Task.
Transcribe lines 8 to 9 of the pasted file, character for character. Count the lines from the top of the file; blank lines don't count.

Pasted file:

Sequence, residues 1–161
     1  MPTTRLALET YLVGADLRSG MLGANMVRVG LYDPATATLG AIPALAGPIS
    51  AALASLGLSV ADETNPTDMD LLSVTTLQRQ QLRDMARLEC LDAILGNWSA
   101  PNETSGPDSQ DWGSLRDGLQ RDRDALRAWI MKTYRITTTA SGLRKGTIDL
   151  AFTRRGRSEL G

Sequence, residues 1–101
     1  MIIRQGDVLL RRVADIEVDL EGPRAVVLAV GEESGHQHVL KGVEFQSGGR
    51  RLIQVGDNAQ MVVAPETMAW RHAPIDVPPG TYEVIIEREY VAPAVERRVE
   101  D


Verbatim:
    51  RLIQVGDNAQ MVVAPETMAW RHAPIDVPPG TYEVIIEREY VAPAVERRVE
   101  D